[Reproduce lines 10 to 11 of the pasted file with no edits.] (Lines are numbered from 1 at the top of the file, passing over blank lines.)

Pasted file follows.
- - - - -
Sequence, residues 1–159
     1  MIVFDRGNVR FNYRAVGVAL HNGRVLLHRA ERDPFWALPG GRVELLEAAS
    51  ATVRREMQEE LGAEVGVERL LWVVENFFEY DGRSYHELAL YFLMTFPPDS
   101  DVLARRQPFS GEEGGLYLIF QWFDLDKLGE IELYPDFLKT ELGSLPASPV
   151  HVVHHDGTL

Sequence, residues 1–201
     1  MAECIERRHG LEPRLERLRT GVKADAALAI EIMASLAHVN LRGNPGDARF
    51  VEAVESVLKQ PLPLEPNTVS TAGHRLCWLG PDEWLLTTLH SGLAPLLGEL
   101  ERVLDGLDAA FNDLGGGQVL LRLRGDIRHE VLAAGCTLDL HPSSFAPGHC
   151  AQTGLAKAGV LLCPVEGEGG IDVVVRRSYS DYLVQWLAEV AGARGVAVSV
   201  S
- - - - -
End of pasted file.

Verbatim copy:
   151  AQTGLAKAGV LLCPVEGEGG IDVVVRRSYS DYLVQWLAEV AGARGVAVSV
   201  S